, Volume 59, Issue 1, pp 119-128
Date: 05 May 2013

Distribution and genetic status of brown bears in FYR Macedonia: implications for conservation

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Conservation and management of large carnivores is often hampered by the lack of information of basic biological parameters. This is particularly true for brown bears (Ursus arctos) in the Former Yugoslav Republic (FYR) of Macedonia. The bear population in this country is important, as it links bear populations of the central part of the Dinaric–Pindos population and the endangered population to the south in Greece. The aim of this study was to assess bear presence in FYR Macedonia and to provide the first evaluation of the genetic status of the species in this country. Bear presence was assessed through a questionnaire and sign surveys, while the genetic status of the species was evaluated through noninvasive genetic sampling from power poles and microsatellite analysis. The results of the study indicate the continuous and permanent presence of brown bears in FYR Macedonia from the border to Kosovo in the northwest, along the border to Albania and Greece in the south; bear presence around Mount Kožuf in the south of the country was seasonal. High levels of genetic diversity were recorded, and it appears that this bear population is currently not threatened by low genetic variability. Cross-border movements of bears between FYR Macedonia and Greece were documented, indicating the presence of an interconnected population and outlining the necessity for a coordinated international approach in the monitoring and conservation of the species in southeastern Europe.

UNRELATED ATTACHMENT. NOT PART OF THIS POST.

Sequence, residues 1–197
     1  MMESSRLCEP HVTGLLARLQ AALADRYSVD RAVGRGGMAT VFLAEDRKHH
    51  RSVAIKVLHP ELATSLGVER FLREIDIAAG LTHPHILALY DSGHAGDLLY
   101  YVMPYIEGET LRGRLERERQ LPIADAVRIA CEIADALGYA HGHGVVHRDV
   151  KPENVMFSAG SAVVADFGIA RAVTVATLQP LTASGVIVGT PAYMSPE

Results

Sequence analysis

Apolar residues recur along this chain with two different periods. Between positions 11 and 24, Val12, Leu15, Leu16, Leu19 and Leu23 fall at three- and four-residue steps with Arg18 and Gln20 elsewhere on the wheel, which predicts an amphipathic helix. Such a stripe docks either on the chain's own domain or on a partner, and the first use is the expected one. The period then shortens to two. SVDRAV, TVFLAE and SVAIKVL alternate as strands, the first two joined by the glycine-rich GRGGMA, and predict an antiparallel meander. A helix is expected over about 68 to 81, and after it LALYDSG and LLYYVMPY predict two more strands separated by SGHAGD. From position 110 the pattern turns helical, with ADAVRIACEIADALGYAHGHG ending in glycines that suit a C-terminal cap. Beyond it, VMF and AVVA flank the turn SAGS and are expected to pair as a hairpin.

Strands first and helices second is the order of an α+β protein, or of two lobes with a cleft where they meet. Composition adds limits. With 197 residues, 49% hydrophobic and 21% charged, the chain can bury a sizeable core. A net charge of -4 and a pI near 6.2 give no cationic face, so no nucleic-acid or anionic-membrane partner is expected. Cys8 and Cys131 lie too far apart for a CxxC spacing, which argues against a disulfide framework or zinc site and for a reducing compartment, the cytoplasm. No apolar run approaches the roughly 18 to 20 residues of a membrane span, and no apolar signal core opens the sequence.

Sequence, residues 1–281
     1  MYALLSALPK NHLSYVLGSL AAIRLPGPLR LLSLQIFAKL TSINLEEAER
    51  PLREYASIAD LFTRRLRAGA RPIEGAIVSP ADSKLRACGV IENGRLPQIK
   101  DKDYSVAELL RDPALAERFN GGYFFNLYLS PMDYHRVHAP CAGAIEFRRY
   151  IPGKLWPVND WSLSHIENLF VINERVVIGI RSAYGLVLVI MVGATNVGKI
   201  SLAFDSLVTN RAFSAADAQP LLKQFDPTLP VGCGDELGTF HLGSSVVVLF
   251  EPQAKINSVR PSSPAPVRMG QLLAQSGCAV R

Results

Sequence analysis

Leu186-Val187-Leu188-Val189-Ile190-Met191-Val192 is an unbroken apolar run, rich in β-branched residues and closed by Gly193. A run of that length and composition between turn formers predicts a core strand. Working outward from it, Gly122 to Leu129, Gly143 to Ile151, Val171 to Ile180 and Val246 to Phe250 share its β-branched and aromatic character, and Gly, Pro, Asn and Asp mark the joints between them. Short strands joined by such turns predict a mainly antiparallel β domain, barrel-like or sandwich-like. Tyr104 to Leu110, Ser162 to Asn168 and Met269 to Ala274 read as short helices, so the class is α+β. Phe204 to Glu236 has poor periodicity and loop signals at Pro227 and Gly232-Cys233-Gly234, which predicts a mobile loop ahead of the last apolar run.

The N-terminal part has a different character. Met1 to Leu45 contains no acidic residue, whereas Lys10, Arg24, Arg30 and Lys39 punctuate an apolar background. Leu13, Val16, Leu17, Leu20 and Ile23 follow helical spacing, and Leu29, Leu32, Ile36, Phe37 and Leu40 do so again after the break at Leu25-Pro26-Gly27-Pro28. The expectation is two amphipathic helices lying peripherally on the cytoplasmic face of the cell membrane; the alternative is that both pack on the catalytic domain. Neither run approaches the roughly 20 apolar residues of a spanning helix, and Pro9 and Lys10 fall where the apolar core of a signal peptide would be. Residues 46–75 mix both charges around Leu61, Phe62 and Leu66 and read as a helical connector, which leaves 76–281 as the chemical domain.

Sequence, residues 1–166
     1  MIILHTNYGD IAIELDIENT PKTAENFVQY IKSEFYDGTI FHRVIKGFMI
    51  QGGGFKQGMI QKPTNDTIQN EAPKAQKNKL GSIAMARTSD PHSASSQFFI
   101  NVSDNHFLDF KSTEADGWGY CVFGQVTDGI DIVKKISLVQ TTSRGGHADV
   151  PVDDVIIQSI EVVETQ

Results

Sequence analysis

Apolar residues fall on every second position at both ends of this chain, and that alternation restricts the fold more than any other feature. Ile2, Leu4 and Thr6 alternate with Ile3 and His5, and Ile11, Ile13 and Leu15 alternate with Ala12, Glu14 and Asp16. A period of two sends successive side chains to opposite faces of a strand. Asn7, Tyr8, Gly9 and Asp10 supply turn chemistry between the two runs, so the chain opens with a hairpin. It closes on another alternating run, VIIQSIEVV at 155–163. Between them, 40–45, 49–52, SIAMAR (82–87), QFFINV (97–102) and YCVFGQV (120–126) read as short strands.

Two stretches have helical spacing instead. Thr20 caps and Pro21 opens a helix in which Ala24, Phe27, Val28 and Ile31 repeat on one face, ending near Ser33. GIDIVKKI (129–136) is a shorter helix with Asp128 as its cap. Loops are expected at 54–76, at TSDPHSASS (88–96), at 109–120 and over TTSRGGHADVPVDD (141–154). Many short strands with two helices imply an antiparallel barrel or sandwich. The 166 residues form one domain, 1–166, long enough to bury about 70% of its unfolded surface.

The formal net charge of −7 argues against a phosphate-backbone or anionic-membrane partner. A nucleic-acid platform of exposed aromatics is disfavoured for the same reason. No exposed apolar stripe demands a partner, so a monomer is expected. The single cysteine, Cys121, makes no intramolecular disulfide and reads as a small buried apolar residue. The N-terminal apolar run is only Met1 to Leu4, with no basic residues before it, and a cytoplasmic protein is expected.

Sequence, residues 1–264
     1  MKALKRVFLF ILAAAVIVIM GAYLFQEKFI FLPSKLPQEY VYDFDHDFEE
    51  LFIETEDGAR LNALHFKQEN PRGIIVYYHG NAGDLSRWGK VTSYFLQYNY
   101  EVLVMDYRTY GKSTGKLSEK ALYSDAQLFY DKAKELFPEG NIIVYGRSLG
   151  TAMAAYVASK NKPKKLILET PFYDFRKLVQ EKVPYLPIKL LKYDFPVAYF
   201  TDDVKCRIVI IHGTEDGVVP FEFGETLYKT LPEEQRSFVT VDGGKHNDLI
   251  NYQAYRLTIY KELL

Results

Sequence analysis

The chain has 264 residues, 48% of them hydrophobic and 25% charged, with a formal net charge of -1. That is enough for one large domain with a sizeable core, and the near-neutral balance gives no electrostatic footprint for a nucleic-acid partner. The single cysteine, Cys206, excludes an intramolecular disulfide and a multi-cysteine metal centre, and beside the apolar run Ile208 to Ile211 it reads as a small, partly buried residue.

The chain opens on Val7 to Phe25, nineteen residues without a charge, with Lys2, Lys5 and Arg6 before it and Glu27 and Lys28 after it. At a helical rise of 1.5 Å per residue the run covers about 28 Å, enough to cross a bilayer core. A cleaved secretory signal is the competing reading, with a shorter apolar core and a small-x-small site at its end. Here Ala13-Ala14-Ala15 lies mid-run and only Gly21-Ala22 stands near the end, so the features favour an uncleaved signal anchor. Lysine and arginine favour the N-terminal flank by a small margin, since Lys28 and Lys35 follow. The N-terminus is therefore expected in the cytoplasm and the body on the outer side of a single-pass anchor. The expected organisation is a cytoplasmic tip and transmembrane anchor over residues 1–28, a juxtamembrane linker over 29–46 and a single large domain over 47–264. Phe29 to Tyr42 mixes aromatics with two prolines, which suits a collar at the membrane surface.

Communicated by: Jeremy Herman